COVID-19’s Influence on Ambient Air Pollution

Team: Team Air

Program: Environmental Health and Engineering

The COVID-19 pandemic led to extensive upheavals in numerous facets of our daily lives. One major change was the institution of mandatory stay-at-home orders during the early months of March, April, and May of 2020. During this period, 42 states instructed all non-essential workers to work remotely and not travel to work, resulting in a dramatic decrease in commuter traffic (Moreland et al., 2020). The U.S. Department of Transportation Federal Highway Administration found that the 2020 months of March, April, and May saw decreases in traffic of 18.6%, 39.8%, and 25.5% respectively when compared to 2019 (Travel Monitoring). Numerous studies have been conducted in the past that model and predict the effect of vehicle transportation on ambient air pollution, but until recently there have been few opportunities to accurately quantify changes in air pollution while real-world traffic patterns change. The overall question of our project is: Did the effects of COVID-19 lockdowns make 2020 a statistically anomalous year in air pollution yearly averages and/or seasonal averages. We believe the utilization of US Environmental Protection Agency (EPA) air quality measurements taken over the last 20 years provides the perfect opportunity to calculate and visualize the exact relationship between commuter traffic and air pollution across the continental US, and any changes in air pollution that may have occurred as a result of the COVID-19 pandemic.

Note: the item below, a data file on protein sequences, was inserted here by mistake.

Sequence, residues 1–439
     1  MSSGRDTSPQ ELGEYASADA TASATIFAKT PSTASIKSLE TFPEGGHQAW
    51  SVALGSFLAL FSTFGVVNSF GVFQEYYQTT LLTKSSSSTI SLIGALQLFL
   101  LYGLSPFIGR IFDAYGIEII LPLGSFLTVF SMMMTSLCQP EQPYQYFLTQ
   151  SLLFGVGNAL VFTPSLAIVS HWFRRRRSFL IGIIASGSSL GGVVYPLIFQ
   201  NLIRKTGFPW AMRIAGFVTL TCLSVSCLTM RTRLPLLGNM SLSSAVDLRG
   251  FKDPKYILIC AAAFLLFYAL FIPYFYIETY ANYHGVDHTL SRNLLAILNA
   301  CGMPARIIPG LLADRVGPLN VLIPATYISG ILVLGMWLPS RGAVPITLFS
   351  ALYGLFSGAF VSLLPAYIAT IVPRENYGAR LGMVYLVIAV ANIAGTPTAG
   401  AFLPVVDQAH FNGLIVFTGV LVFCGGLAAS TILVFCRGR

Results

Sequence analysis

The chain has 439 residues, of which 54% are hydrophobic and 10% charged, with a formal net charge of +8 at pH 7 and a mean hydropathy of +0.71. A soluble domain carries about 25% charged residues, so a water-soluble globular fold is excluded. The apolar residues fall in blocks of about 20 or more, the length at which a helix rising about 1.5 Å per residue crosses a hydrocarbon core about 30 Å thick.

Scot Miller


Hedy Alavi
Ciaran Harman

Team Members

Additional Project Information

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A snapshot of 2.5 micrometer paticulate matter concentrations in the continental United States. Analyzed using a geocoding technique known as Kriging.